Lake County Mother of Three to Be Reunited With Family After Nearly Three Weeks of Unlawful Detainment
FOR IMMEDIATE RELEASE
BROWARD COUNTY, and ORLANDO, Fla. – U.S. Immigration and Customs Enforcement (ICE) agents are set to release Rita “Fany” Cote, who has been unlawfully detained in a Broward County facility since February 23, to her family this afternoon. Cote will be met by her husband who, along with their three young children, has suffered extensively at being separated.
The ACLU of Florida became involved in the controversial case after learning of the unlawful manner in which Cote was arrested and detained. The ACLU filed a habeas petition in federal court seeking to have Cote released to her family so she could resolve her immigration issues along with her immigration attorney, John Barry.
“We are thrilled for Rita and her family that ICE has released her. Clearly, ICE realized that Rita does not pose a threat to anyone and she should not be separated from her family. I just wish the Tavares Police and Lake County Sheriff had that same awareness two weeks ago.”
Cote, a twenty-three-year-old mother of three, was arrested without charge, unjustly taken from her husband and children by Tavares Police. The police ignored a domestic violence call to which they were responding, and instead arrested Cote, who couldn’t prove her citizenship. Tavares police have no lawful authority to enforce federal immigration law.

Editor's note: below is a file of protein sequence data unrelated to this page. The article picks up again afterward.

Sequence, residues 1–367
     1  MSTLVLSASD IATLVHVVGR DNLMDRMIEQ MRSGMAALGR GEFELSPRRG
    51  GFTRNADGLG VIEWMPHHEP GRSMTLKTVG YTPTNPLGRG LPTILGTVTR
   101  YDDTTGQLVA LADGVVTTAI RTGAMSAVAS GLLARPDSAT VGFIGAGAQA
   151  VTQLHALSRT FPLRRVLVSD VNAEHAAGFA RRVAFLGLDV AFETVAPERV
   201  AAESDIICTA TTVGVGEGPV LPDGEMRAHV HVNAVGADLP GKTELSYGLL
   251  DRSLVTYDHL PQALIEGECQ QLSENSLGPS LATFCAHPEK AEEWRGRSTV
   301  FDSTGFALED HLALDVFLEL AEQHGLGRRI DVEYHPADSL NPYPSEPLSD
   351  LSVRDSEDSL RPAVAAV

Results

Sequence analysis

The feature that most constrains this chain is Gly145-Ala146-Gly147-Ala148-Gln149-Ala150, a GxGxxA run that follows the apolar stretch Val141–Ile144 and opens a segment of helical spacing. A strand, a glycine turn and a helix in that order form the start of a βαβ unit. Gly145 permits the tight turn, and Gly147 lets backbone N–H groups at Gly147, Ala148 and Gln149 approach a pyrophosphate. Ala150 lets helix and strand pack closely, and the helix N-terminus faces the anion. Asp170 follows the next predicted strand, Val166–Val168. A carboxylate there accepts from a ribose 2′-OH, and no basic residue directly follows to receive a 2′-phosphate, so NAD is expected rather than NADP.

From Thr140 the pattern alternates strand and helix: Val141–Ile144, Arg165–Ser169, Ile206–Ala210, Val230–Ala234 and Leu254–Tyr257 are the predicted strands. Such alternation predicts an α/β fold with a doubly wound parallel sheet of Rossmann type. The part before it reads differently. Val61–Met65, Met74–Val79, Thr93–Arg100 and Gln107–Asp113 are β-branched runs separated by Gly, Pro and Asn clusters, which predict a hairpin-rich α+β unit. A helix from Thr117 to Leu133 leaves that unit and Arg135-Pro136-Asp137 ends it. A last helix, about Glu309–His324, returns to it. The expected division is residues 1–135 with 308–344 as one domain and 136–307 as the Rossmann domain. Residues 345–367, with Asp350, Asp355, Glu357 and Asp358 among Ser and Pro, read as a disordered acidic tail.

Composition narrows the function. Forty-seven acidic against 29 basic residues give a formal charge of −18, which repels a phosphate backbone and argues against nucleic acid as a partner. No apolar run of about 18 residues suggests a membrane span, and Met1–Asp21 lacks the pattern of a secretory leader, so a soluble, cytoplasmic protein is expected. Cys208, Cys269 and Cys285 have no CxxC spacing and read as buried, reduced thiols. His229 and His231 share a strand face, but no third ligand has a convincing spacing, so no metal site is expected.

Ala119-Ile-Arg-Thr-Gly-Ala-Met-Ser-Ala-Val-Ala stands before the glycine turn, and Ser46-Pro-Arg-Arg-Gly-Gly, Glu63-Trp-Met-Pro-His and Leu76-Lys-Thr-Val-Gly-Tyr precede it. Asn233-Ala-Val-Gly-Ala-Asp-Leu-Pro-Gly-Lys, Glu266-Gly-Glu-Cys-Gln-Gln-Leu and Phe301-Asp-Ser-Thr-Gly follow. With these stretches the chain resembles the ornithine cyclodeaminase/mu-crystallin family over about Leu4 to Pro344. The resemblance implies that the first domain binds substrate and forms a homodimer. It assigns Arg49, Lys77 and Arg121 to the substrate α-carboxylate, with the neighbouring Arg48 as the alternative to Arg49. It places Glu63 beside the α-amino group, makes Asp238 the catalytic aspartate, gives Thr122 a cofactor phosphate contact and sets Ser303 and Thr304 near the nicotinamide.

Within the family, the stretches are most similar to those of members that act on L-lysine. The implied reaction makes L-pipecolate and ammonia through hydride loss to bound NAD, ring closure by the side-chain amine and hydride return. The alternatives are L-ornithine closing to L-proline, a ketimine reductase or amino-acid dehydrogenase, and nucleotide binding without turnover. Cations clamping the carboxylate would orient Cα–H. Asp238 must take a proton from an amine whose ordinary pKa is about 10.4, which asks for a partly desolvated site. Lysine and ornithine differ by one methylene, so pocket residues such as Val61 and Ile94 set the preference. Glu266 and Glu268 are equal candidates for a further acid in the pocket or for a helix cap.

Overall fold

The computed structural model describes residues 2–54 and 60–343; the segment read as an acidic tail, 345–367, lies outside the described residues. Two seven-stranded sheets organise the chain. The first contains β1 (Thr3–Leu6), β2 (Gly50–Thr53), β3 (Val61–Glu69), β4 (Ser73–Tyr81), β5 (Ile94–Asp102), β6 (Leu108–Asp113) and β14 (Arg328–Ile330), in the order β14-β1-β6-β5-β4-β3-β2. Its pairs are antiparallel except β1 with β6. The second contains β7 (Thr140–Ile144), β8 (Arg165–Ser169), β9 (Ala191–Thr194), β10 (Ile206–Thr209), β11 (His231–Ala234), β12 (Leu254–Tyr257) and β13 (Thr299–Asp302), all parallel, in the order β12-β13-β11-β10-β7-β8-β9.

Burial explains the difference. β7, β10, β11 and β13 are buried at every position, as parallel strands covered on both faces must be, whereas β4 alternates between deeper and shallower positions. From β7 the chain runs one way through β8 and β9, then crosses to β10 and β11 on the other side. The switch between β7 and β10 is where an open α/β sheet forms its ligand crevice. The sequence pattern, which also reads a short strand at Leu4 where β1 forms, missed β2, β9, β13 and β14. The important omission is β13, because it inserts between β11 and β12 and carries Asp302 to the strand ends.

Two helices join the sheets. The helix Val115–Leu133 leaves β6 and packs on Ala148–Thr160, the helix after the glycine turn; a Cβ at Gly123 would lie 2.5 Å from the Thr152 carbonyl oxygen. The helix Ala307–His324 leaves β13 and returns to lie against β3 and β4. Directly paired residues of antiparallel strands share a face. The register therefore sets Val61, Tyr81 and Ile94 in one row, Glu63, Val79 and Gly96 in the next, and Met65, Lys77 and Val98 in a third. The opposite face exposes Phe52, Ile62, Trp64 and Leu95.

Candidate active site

After being detained for a week in a Lake County Detention Center without charge and without a warrant against her, she was handed over to ICE officials in Orlando and transferred to Broward County, where she has been held since.
Cote’s sister placed a call to 9-1-1 on Monday, February 16, 2009, as a result of a domestic assault by her boyfriend. When City of Tavares Police arrived to the Cote home, they immediately asked everyone for identification to prove their citizenship.
Cote’s sister, the complaining witness, had bruises on her neck and made several pleas to press charges against her boyfriend. Tavares officers refused to remove the assailant from the home and did not follow the procedures required by Florida Statute for assisting victims of domestic violence. Instead, they arrested Fany Cote, taking her away from her family over an outstanding deportation order. In 2000, when she was only fifteen, Fany’s parents brought her to Florida from Honduras without documentation. Her husband, Bobby, and their three small children, ages seven, four, and two, are all U.S. citizens.
A PDF copy of the Writ of Habeas Corpus that was filed by the ACLU of Florida can be viewed at: www.aclufl.org/pdfs/cotehabeas.pdf
ACLU of Florida senior attorney Glenn Katon is represented Rita “Fany” Cote in the habeas petition. Cote v. Lubins and Borders was filed in the U.S. District Court, Middle District of Florida, Ocala Division.
Attorney John Barry represented cote with her immigration concerns.
Previous articles and photos of the father and children can be viewed at:
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